“So, now what?” I questioned, dropping down onto my bed.
Griffin sat down beside me.
“Now, we enjoy the moment.”
Ink fell from my quill like a drop of blood, pooling at the corner of the paper. I cursed under my breath, knowing full well it was worthless to try and save it.
It was barely even noticeable, for the picture itself dominated the page. Here I had portrayed my angel in full glory, her jet black wings extended and her ethereal glow shown in the form of an ink wash.
Another drop fell.
Stifling any remark, I turned around towards my doorway. Cordelia was there, of course, wearing a black skirt and pale green shirt.
“Yes?” I asked through gritted teeth. I was not in the mood for any of her mind games or lecture. I was not in the mood for much of anything, except perhaps to see Arielle.
“I am leaving for mass,” she replied softly. “I won’t be long.”
Turning away from her again I nodded slightly. “Alright. I’ll cook something up for you to eat when you get back.”
Cordelia said nothing in response. She seemed… off. But I was going to let it be. Like I said, no lectures.
When I thought the silence had grown too thick for comfort, I glanced back over my shoulder to the doorway, only to find it empty.
Tiny snow flakes were swirling around us as Griffin and I hurried toward the townhouse. My head was lowered and Griffin’s arms were wrapped tightly around me as we stepped through the puddles of slush splashed up onto the sidewalk from the passing cars.
Griffin pushed open the mahogany front door and ushered me into the foyer. Shivering slightly, I hung my coat on the row of hooks behind the door.
Griffin smirked at me as I ran my shaking fingers through my tangled hair. “Arielle, you looked fine before.”
I rolled my eyes as I took his hand. Griffin led me up the spiral staircase and into his room, shutting the door and pulling me towards his bed. I allowed him to lead me where he would, all the while wondering what exactly was on his mind.
Without delay, Griffin came and sat beside me. We looked at each other in comfortable silence before the inevitable happened. He kissed me. I kissed him. I loved the feel of his hair twined in my fingers. The softness of his lips against mine, until the world just faded and it was just Griffin and me alive and in love.
As the moments passed, his mouth grew more demanding, more insistent, and I trembled in his arms. This was a new side of Griffin. An out of control Griffin, he was usually so careful, so gentle and as his hands pulled me so close I didn’t know where he began and I left off.
I wanted to speak, to at least have some say in where I felt this whole thing was going. Just when I thought I couldn’t breathe anymore, Griffin tore himself from my arms leaving them bereft as he left me. He rose abruptly and crossed the room to sit at his desk. He was almost trembling as he lifted a piece of charcoal and began to draw absentmindedly.
“Griffin,” I whispered softly, although I wasn’t entirely sure he’d heard me at all. He continued to draw. “Griffin?” I repeated, this time it was a question.
Finally, he turned to me. His eyes were downcast, and in the shadows he looked especially forlorn. I knew that expression all too well.
“Griffin,” I said for a third time, helplessly. I so badly wanted to reach out to him, to hold him. But the chances of him coming within a mile of me for the rest of the night were slim to none.
He raised his gaze to meet my own, and underneath all the sorrow, the longing, the hate, I could see something else- hope. And that made me hopeful too.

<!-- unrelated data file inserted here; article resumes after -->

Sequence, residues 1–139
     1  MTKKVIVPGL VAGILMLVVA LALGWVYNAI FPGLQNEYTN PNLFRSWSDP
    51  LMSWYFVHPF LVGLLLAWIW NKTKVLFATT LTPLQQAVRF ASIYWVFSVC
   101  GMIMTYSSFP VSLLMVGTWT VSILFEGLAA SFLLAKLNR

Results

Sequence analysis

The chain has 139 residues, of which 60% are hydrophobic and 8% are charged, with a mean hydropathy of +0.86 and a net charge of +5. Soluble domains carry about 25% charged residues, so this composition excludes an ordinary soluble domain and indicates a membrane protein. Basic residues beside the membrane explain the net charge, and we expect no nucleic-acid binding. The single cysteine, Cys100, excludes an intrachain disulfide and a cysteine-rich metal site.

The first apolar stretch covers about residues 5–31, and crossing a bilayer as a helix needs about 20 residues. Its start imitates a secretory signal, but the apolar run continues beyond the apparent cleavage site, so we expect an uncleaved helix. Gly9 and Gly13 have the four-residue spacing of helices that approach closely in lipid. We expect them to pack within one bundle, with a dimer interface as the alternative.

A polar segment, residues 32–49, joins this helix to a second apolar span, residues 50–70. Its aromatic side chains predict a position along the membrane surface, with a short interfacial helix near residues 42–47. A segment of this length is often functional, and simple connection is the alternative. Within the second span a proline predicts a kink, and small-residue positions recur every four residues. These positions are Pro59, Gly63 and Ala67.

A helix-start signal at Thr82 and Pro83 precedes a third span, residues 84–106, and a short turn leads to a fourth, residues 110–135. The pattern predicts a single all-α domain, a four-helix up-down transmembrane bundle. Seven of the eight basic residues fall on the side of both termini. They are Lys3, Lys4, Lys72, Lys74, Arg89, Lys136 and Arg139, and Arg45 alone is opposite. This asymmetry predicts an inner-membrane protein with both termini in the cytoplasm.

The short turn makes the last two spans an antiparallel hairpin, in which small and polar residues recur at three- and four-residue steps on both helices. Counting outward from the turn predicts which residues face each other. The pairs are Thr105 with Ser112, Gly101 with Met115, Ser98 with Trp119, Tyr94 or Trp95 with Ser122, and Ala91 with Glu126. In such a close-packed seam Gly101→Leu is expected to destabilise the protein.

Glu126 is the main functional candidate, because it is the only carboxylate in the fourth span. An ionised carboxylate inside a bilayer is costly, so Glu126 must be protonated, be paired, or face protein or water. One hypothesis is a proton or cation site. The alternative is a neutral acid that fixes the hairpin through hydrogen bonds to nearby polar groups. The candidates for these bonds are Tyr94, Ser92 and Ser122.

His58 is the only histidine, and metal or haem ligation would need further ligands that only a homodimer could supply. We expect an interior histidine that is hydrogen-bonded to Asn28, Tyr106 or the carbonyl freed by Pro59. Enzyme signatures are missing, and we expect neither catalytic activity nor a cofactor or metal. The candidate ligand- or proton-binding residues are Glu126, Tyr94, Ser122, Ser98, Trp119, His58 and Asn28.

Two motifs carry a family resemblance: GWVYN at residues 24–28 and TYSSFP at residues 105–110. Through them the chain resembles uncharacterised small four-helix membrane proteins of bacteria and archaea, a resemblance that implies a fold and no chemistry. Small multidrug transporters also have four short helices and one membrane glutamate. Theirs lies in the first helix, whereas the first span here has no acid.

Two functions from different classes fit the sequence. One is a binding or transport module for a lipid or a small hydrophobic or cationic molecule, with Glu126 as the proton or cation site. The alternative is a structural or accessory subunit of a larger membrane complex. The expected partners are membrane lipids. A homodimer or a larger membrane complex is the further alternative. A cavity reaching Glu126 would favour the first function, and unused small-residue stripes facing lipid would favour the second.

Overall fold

“Thou shall not give into temptation,” he murmured. “That’s what Cordelia would always tell me when I was younger. Of course,” he added, and I watched as the sarcastic, amused look returned to his beautiful features, “there was never a girl involved before.”
I allowed myself a shaky, nervous laugh and to my surprise, Griffin laughed along with me.
“So I tempt you, do I?” I asked quietly.
Griffin let out a sigh. “Don’t flatter yourself, Arielle. But, yes, if you must know the truth, I do find you rather hard to resist most days.”
I felt a blush rising to my cheeks and I lay back down as Griffin returned to his paper. Closing my eyes, I replayed the moment over in my head, trying to make sense of it. Quickly giving up, I turned over and focused on Griffin at work.
He was, as always, totally and completely focused on his art, watching but not really watching as he dragged the charcoal across the blank cardstock.
I sighed a little, allowing the question on my mind to slip out.
“Griffin, are you alright?”
A low hiss escaping through his teeth, he set down his charcoal harshly and looked up at me. “Why wouldn’t I be?” he snarled.
I was taken aback by the rough tone he was using with me; Griffin had always been so gentle and soft with me, but suddenly everything about him seemed violent. And much as I hated to admit it, I was scared.
“You just seem upset.” The words came out in a mangled whisper; my fear and concern was evident in my tone.
Griffin had lifted his pencil once again and was twirling it distractedly. His face was expressionless and impossible to read. He adverted his gaze to the window, the curtains were drawn.
“Talk to me, Griffin,” I begged. I couldn’t stop the hot tears from stinging my eyes, threatening to pour over.
“We talk all the time, Arielle,” he said through clenched teeth. The words came out uneven and forced.
The tears gave way and then I was crying freely, tiny black droplets falling in miniature puddles on Griffin’s burgundy comforter.
Where had this turning point occurred? One second we’d been basking in each other’s happiness and love, and the next we were… here. And I did not want to be here.
I realized the double-meaning of my own thought, and I rose quickly from the bed. Griffin did not look at me as I left his room in silence.